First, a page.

Savage Grace (NR)
Julianne Moore offers an extremely creepy portrait of a wealthy society woman and her smothering relationship with her son in Savage Grace, a movie based on the true story of the Baekeland family, the heirs to the Bakelite fortune.
The what? You know, that sort of plastic-ish jewelry from the 1930s. See the display cabinet of any antiques shop for examples.
Barbara (Moore) was married to Brooks Baekeland (Stephan Dillane), grandson of the man who invented Bakelite. They were, professionally, a rich couple. They wore nice clothes, ate dinner at the right places, read books and, at least in Barbara’s case, had some vague connection to art. They also had a son, Tony (Eddie Redmayne), who lived a life of extreme leisure following his parents from one vacation spot to another. Barbara seems, throughout the Baekeland marriage, desperately interested in moving up in society. She also seems crazy. The second thing can make the first thing difficult.
Then there’s her disappointment at Tony’s likely homosexuality and at Brooks, who might be gay or maybe bisexual but in any event doesn’t really seem to like Barbara all that much. And into this stew of sexual confusion and Freudian boundary-crossing bring a fetching Spanish girl, a fetching Spanish guy and an older gay man whose job it is to act as society escort to divorced or otherwise abandoned-by-their-husbands society women.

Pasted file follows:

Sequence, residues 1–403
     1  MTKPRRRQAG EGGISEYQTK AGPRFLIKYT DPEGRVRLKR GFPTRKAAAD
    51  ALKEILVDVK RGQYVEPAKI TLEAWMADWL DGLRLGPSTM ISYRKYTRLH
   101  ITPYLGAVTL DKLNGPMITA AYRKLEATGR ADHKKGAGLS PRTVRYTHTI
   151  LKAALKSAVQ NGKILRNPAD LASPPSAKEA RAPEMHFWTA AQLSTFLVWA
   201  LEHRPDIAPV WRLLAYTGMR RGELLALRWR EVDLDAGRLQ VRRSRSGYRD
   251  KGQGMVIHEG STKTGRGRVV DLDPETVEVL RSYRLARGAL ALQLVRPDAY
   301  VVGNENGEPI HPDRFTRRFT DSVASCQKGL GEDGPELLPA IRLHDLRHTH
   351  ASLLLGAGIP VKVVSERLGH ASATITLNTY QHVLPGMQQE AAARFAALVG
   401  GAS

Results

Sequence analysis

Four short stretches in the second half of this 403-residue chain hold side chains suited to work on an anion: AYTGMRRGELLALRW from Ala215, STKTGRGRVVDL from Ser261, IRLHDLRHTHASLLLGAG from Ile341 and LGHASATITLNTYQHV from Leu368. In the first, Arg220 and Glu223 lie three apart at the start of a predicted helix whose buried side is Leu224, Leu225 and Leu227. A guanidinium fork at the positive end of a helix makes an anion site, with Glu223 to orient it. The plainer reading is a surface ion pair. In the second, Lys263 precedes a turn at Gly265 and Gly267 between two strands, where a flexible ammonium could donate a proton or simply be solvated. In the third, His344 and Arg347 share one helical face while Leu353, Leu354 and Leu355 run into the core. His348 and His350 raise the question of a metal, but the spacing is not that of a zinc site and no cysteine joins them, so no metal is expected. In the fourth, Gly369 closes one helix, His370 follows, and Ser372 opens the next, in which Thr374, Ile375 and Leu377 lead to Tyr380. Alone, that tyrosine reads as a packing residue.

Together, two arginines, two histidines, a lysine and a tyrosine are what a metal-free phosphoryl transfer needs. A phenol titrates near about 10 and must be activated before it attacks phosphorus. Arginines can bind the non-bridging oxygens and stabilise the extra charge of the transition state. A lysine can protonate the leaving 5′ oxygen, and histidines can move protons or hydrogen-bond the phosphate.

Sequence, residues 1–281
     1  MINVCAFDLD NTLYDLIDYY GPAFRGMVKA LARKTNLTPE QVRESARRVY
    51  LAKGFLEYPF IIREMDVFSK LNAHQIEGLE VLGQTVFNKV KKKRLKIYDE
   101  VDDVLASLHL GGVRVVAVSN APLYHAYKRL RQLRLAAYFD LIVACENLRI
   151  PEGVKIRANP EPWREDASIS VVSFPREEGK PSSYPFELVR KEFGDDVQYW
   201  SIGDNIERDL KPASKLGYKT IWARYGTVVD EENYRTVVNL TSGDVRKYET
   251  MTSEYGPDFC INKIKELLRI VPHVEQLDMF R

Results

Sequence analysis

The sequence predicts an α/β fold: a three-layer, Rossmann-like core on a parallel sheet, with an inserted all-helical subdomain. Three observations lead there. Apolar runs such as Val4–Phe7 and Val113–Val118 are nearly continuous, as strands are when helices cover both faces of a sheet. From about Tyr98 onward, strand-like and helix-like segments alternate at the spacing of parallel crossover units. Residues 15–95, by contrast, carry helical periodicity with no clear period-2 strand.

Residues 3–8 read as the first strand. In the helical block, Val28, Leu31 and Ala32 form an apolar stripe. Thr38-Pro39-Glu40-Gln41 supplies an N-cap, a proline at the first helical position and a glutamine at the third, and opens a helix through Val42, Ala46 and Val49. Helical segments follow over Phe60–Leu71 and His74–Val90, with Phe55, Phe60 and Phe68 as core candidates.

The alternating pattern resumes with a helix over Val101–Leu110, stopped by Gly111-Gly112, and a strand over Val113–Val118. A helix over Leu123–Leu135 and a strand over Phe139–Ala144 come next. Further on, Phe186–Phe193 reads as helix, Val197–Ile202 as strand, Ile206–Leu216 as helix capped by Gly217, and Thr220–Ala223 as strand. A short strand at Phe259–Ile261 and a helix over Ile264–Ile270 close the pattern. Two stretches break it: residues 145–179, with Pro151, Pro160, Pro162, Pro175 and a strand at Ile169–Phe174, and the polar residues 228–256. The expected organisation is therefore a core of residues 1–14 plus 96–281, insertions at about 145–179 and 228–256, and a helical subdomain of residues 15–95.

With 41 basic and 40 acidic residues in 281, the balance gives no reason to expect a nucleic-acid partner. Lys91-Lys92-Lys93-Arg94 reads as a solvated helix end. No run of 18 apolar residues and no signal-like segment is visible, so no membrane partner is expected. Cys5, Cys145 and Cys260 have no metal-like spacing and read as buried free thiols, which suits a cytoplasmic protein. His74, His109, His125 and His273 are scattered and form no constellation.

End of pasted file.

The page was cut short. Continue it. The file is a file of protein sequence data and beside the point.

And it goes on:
Heat and serve.
Moore is pretty good at showing crumbling wealth and fading aspiration in a way that makes you wish for a movie that was just her Barbara and Annette Bening’s Deidre from Running with Scissors having some kind of crazy, mess-up-your-sons, bad-mother throwdown. Moore’s Barbara is a distillation of the rotting decadent wealth that soaks the screen, of the kind of bad behavior all the characters exhibit when (as one says) they have enough money not to live with the consequences of their actions.
And for giving you the sheer Norman-Bates heebie jeebies, Redmayne’s Tony isn’t so bad either.
Like a hideous but fascinating 1970s print, these characters can draw you in, hold your attention and make you watch them. They can’t, however, fill the whole movie, nor can the inevitable shocking things that happen. Even a really hearty “ewwwww” can only last so long. C
Not rated. Savage Grace is an hour and 37 minutes long and is distributed in limited release by First Take IFC films. It is playing at theaters in the Boston area and currently available on Comcast OnDemand.